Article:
“The German snacking market is changing. Consumers here want to enjoy cookies regardless of the sugar content. But they’re also increasingly conscious about what they eat, with a preference for healthy snacks. This is also impacting how retailers define category assortments and activity programs. We started developing this segment in late 2017, ensuring all our products have the correct packaging from a legal perspective. We’ve also worked on category strategies to help guide the trade in retail and ‘out of home’ channels. Nākd, Trek and Bear Fruit are now almost ready to launch in Germany – it’s another huge growth area for us.”

Like in other countries, however, cookies are the key to unlocking the market, says Nathalie, and it’s a clear Group vision to “become the biggest cookie brand in the world” together with a supportive and collegial culture, that has been instrumental in Lotus Bakeries’ rapid growth in recent years.

Once construction of its new Bear Fruit manufacturing facility in South Africa is complete, Lotus will surpass 2,000 employees worldwide. However, Nathalie stated, gaining over 500 people in two years hasn’t impacted the entrepreneurial and familiar spirit present across the whole company.

Teams across Europe, the Americas and Asia enjoy regular interaction with each other and Lotus Bakeries' Belgian headquarters. This positive flow of information across territories ensures strong internal knowledge, the sharing of best practice and a “one Lotus family feeling.” Twice a year all European colleagues come together face-to-face, and there’s also an annual Lotus Bakeries Group conference. Collaboration between countries occurs when opportunities arise and a dedicated HR programme prioritises embedding the business’s core values – Team spirit, Open Dialogue and Passion.

Lotus Bakeries has been able to make the transition from a Belgian to an international player thanks to its intelligent, committed, passionate and driven people, says Nathalie. To ensure it only recruits those who meet its high expectations and fit the culture, the business has a long and detailed selection process, involving multiple interviews with different people across the organisation. While sometimes frustrating for candidates, Nathalie believes this rigorous approach is worth it as a rewarding career awaits once you’re hired:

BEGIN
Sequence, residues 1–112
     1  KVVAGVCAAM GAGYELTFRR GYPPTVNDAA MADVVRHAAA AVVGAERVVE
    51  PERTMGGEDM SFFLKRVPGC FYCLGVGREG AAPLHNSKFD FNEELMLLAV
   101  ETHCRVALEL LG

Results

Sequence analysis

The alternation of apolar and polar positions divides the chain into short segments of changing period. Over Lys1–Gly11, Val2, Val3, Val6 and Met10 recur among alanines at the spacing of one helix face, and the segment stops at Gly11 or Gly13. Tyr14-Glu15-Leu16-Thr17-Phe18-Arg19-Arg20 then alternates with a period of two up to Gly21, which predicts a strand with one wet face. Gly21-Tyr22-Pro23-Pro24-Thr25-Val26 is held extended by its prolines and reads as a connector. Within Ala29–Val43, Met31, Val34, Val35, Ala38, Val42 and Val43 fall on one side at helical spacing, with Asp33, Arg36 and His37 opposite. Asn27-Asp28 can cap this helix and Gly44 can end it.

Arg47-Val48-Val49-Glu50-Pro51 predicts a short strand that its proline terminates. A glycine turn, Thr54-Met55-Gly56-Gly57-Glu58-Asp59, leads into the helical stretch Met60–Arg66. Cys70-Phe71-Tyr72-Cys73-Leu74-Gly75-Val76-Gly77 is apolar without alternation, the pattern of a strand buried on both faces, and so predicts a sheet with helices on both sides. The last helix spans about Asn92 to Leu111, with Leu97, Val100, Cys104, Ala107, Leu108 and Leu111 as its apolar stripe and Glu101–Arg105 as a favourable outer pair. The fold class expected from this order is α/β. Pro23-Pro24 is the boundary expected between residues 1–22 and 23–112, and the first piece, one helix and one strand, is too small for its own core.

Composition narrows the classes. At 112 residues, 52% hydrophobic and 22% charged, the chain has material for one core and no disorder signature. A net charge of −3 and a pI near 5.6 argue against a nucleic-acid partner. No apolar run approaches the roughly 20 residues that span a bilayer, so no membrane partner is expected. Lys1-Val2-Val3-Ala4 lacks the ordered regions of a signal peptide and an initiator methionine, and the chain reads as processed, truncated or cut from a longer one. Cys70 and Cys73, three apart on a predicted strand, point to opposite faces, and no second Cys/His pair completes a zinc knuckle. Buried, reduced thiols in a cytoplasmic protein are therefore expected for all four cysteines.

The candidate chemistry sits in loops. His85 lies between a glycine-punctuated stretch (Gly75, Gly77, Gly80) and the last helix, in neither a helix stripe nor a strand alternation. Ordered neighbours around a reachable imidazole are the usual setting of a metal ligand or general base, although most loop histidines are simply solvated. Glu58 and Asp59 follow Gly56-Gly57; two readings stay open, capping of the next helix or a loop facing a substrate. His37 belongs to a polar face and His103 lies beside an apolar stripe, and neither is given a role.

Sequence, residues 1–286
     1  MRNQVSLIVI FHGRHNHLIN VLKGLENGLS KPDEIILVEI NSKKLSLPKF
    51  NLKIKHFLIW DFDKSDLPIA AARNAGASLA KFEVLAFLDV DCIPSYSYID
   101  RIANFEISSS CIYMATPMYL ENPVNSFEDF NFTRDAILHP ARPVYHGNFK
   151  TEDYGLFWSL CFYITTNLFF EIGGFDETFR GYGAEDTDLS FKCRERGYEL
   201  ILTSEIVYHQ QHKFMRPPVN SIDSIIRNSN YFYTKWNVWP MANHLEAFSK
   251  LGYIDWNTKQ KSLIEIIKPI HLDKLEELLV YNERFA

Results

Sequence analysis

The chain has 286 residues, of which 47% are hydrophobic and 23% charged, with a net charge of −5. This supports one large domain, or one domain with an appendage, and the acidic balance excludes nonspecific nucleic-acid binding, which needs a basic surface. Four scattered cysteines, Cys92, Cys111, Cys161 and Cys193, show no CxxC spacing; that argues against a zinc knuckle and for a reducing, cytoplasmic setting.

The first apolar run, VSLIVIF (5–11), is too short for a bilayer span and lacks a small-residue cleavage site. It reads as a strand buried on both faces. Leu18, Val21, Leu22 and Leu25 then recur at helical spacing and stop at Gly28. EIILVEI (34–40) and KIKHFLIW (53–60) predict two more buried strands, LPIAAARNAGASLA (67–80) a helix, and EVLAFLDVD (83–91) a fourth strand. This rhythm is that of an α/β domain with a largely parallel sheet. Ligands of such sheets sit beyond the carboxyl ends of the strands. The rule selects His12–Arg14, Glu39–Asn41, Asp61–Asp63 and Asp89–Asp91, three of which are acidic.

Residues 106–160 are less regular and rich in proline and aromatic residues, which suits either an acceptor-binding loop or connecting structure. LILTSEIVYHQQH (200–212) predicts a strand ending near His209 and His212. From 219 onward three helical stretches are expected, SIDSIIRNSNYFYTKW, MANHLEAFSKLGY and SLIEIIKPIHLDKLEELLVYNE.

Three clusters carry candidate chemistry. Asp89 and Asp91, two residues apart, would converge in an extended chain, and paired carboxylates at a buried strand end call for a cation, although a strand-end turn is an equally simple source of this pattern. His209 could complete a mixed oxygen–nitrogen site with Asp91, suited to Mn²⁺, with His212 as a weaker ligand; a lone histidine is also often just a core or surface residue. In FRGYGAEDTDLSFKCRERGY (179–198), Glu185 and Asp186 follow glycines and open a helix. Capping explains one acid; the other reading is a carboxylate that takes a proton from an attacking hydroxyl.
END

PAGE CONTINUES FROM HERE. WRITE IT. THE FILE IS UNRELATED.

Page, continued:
“There isn’t a standard development path at Lotus Bakeries, but if you work hard and perform well it’s noticed and rewarded. And the possibilities to prove yourself and progress are endless – you gain expertise in a variety of areas through the opportunities you are afforded. With few hierarchies, it means decision making is fast too. This gives you a feeling that you’re making an impact and that your opinion is valued and heard – that’s very motivating.”

Nathalie benefits from the regular communication, support and trust she receives from the Boone family and Executive Board. And with her own team, she too adopts a personable leadership approach. Describing herself as a “coaching leader,” she works hard to create an open and stimulating work environment and ensures people have the right tools, framework and autonomy to find their own solutions. Lotus Bakeries prefers to fill vacancies internally, she says, and therefore getting people outside of their comfort zones as early as possible, means they grow fast and become effective employees and leaders.

“It can be tough, but exciting too,” says Nathalie. “I love seeing what someone can achieve when you believe in them.” Of course, the capabilities, enthusiasm and ambitions of the person need to match the challenge, but in general, she finds this a great way to motivate people. Yes, mistakes are sometimes made, but encouraging her team to learn from them, builds trust and alignment: “The personal contact is very important at Lotus. As a leader, I’m challenged to facilitate this. We discuss a lot, work hard, but also have fun. I know my colleagues appreciate this approach.”

With a clear strategy in place, as well as a coherent structure for the German team, Nathalie says they have an exciting journey ahead. 

She added: “We’re convinced that we can be an effective partner to the German trade and develop our target categories. Lotus Bakeries has the advantage of scale to influence customers, and flexibility to meet changing market conditions and consumer tastes. It's a great place to work. The business is growing year-on-year, we have a long term perspective, a positive atmosphere across the Group and delicious products too.”